Chief Medical Officer, Dr. Sharon Belmar-George believes that vaccination levels can increase significantly in the future, but for now the hesitancy of Saint Lucians to vaccinate is posing a problem in achieving herd immunity.
“We continue to get vaccine hesitancy among various groups. Some persons have indicated that they would prefer to get the Cuban vaccine, for example (and) we have very good relations with the Cuban government, so as soon as it’s gotten its approval through WHO this is one of the vaccines that we are going to make available,” she said at a recent press conference.
Referring to the Cuban vaccine the CMO said that clinical trials have been positive so far. She also said the Rastafarian community has shown an interest in one of Cuba’s vaccines.
“We had a very important consultation with the Rastafarian community,” Belmar-George said, adding that the community indicated the Cuban vaccine is one of the vaccines they have greater trust in.
“We really want to have it available once the WHO approval comes in,” she noted.
Regarding the AstraZeneca vaccine, the CMO said that misinformation contributed to hesitancy in its acceptance by Saint Lucians. However Belmar-George said that the Ministry of Health “sees an increase in the uptick” when persons are educated about the vaccine.
“One of the things which we increased in the community is the (ground) work. We take the opportunity to listen to the concerns of the population,” she said.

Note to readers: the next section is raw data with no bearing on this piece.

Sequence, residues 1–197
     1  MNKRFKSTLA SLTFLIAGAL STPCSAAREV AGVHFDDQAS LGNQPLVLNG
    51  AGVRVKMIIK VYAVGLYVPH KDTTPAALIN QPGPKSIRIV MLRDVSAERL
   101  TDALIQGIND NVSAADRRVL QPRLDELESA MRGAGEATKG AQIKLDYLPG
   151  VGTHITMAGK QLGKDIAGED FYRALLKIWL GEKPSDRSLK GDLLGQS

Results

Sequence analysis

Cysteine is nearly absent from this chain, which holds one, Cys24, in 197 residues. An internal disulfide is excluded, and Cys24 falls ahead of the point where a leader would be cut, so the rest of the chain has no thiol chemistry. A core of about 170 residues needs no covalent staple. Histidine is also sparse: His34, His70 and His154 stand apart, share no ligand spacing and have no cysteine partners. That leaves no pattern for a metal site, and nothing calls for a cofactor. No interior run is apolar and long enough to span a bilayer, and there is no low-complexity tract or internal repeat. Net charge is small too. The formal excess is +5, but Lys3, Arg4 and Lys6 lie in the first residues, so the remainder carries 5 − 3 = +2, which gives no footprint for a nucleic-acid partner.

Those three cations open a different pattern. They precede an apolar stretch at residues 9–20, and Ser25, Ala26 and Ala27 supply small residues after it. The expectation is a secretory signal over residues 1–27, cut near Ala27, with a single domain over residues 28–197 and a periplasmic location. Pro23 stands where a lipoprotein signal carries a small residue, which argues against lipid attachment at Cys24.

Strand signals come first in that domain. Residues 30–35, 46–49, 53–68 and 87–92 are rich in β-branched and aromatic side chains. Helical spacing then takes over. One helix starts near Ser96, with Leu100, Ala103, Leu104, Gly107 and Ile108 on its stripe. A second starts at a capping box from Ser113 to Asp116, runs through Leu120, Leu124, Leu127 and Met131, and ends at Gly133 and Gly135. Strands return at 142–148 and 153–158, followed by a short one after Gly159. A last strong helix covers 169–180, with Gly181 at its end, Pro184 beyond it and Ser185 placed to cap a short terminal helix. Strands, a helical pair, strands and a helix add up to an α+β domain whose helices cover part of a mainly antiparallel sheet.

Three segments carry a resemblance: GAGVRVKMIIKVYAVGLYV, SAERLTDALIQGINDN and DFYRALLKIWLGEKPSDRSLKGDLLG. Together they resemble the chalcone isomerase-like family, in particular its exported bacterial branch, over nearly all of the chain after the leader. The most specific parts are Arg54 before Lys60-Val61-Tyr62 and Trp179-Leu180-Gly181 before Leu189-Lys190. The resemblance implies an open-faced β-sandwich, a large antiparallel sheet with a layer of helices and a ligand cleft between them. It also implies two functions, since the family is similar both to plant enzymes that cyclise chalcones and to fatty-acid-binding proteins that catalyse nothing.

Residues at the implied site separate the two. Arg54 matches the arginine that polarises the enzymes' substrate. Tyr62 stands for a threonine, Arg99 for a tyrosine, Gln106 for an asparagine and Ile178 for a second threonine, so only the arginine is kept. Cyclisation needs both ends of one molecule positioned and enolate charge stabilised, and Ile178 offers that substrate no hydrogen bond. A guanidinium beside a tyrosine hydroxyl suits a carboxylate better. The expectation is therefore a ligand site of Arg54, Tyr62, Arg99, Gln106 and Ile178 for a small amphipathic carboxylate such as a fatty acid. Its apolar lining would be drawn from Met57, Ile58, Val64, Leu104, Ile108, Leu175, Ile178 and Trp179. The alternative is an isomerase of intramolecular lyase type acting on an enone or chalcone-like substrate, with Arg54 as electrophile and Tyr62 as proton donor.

The Chief Medical Officer spoke of having to focus on many little groups within the communities stating that it’s more time consuming compared to what the Ministry of Health has been doing traditionally.
She said the Ministry of Health has a greater challenge with young people since many of them do not want to be inoculated.
“We get that hesitancy mostly among the younger age group where persons believe we’re strong, we’re doing okay, we don’t need it, but we are seeing supposedly strong and healthy persons also being impacted by COVID- 19, so this is one of the groups that we have a lot of work to do (on),” Belmar-George said.
According to the CMO, the Ministry of Health is working on acquiring the Pfizer and Johnson and Johnson vaccines so that persons can have more options to choose from, which may increase vaccination levels significantly in the future.
Over 31,000 individuals have received the first dose of the AstraZeneca vaccine in Saint Lucia with over 22,000 receiving the second jab.
A number of countries have banned the AstraZeneca vaccine after various reports said it caused blood clots. Local health officials believe these reports have led to vaccine hesitancy, however, Assistant Principal Nursing Officer in the Ministry of Health, Tecla Jn Baptiste said that it is highly unlikely that persons will experience such adverse reactions if they take the AstraZeneca vaccine.
“It is important to consider that clotting problems are a common complication of COVID-19 infection and it is also associated with other prevalent health conditions including obesity. The Ministry of Health assures the citizenry that the safety of each individual is of paramount importance.
“There is in place a vaccine monitoring system which allows for the keeping of a record of any adverse effect and a timely intervention if this occurs. Given this monitoring system, it is important that each individual who has been vaccinated and experienced a response beyond the expected side effects contact their health care provider to report their experience. Once notified an investigation will ensue to determine causality,” she said.